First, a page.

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Three Great Funds for a Low-Return World

If the S&P 500 is overvalued, these are prudent alternatives.

Last week on Morningstar.com there was an article postulating that the S&P 500 index was "egregiously overvalued." Morningstar stock analyst Curt Morrison, relying heavily on long-term studies of equity markets, came to this conclusion by examining several traditional building blocks of the stock market's historical return--inflation, dividends, and real capital appreciation (earnings). He estimates that earnings growth will have to hit 5.4%, an unusually high number, to justify the index's current level. Right now, Morrison prefers cash to this basket of large-cap stocks.

Morningstar fund analysts like myself hear and read such views pretty frequently. This past summer at Morningstar's annual conference, Bob Rodriguez, manager of  FPA Capital (FPPTX), touted cash over all other assets. Jeremy Grantham of Grantham Mayo Van Otterloo & Co.--who seems to always think everything but timber is overpriced--gleefully predicted doom. We talk to managers almost daily and, especially after a sharp bull rally like the one in 2003, we hear nasty forecasts of low-return environments and a lack of buying opportunities. Yet a lot of us, myself included, continue to hold the  Vanguard 500 (VFINX) index fund.

Stand Your Ground
There are three reasons for holding strong in the face of such pronouncements. First, while a lot of solid thought and research goes into them, they can still be wrong. The formulas could be flawed, price/earning ratios may not fall to historical norms, or the forward-looking expectations (inflation, for instance) could turn out to be off the mark. One need not even figure out how the theory might be wrong, it only matters that it could be. Second, even if you believe the premise, the supposedly prudent response--not owning large-cap stocks--seems extreme, even imprudent. Finally, even if you do get out of stocks (or certain kinds of stocks) at the right time, you also have to get back in at the right time, which is incredibly difficult to do. In other words: I'm not betting my retirement that the naysayers are correct.

Of course, it should be obvious that there are options besides owning an S&P 500 index fund or cash. If one is convinced by the central conclusion--that large-caps are pricey--how might one remain invested but protected? We can turn to Morningstar's  Premium Fund Screener to identify mutual funds that have a better profile than the S&P 500 index given Morrison's key measures.

Finding the Diamonds
First, we'll establish a universe of funds with equity styleboxes only in large-caps and domestic stocks. We'll also request distinct portfolios so we only see one share class of each fund. Then we turn to the argument against the S&P 500. Morrison argues that too high a price is being paid for firms' earnings, so we'll request that the funds' portfolio have a price/earnings ratio that's below the index's. Also, the historically low-dividend rate is a problem, so we'll demand that our funds have a trailing 12-month yield that surpasses the S&P 500's 1.71% rate--and note that there's extra care here given that this yield is post-expenses, not pre-expenses. In order to ensure that a fund's yield doesn't come from bonds, we'll demand that the fund's assets be 90% U.S. stocks. Since this is a buy list, we don't want closed funds. And we never want expensive funds--especially if we're going to be in a low-return world, so we'll cap the expense ratio at 1%.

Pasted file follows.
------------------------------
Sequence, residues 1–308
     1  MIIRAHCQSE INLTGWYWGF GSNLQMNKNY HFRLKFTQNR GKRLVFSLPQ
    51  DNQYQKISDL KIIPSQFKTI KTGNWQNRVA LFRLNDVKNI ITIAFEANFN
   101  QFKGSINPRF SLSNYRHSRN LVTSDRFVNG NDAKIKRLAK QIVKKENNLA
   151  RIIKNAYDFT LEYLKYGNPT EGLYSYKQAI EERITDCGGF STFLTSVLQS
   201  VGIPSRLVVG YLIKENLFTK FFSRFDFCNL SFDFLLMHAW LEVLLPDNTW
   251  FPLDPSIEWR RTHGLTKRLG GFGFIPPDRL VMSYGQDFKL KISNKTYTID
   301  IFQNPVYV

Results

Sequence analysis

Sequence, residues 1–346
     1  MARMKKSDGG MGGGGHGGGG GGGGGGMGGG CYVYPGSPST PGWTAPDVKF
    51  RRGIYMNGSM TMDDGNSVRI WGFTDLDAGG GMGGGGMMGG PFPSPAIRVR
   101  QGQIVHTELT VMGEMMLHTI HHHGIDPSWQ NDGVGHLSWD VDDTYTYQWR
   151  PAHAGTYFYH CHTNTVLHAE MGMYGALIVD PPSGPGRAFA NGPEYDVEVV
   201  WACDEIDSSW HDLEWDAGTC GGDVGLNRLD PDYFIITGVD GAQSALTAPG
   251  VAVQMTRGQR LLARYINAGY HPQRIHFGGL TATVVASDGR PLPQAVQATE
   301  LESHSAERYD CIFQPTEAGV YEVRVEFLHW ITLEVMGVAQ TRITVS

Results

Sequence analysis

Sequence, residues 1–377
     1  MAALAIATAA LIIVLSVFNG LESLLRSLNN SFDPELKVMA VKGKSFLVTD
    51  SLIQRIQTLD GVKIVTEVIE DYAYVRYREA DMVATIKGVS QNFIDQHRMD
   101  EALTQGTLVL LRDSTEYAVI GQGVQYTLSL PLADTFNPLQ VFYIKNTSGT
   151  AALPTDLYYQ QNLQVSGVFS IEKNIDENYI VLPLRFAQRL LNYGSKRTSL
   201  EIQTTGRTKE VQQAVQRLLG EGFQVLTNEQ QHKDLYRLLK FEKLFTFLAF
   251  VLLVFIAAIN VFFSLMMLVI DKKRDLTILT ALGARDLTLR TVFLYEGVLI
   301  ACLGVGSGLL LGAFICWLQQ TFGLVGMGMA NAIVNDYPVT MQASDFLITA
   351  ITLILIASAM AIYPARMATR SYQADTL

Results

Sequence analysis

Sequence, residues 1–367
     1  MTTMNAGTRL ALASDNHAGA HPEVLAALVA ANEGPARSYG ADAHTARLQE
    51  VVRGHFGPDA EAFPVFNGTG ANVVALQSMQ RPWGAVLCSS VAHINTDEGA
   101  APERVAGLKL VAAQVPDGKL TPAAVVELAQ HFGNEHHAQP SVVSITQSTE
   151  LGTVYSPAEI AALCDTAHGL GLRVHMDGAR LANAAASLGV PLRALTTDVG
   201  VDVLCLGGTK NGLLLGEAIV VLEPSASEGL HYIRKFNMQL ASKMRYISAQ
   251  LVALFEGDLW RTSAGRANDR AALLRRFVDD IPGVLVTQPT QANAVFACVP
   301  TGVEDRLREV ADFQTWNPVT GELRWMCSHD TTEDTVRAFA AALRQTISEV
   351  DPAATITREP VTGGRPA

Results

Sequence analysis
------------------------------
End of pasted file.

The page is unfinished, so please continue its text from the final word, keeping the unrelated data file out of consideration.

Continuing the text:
As of November 19, this search yields 20 funds. Click  here to view them.

Not surprisingly, most of the funds that make the list are large-value funds. It's also not surprising that some of these funds are highly appreciated by Morningstar's fund analysts and would make fine portfolio anchors. Here's some details on three of them.

A dividend-focused offering,  Vanguard Equity-Income (VEIPX) has posted the second-highest yield of the funds that passed our screen. That's due, in part, to Vanguard's trademark: a tiny expense ratio, which lets those dividends flow through to share owners. Three different management teams have three different strategies for finding stocks with solid payouts, so owners can rest assured that the fund doesn't simply chase one kind of firm. The fund focuses on the very largest firms, so its relative returns--that is, those compared with peers--can fluctuate based on how well mega-caps perform in a given time period.

Fund analyst Christine Benz notes that  Vanguard Windsor II (VWNFX) is "a topnotch choice for what's shaping up to be an era of low expectations." That's because of the focus on true-value fare and dividends. This fund doesn't home in on dividends quite as much as Vanguard Equity-Income, which is one reason why the fund's relative returns don't shift as much as its sibling's. The portfolio's price/earnings ratio is 14.3, which is 17% lower than the S&P 500 index's, making a nice cushion should valuation multiples contract.

While both Vanguard funds do use quantitative methods in small doses,  American Century Income and Growth (BIGRX) uses them extensively. The whole plan here is to take measured bets against the S&P 500 index to create a portfolio that's like the bogy but leans heavily toward value. Its models specifically seek low valuations and solid dividends. While its expense ratio isn't quite as low as the Vanguard funds', the low cost of 0.69% allows a nifty 1.9% yield to end up in investors' pockets.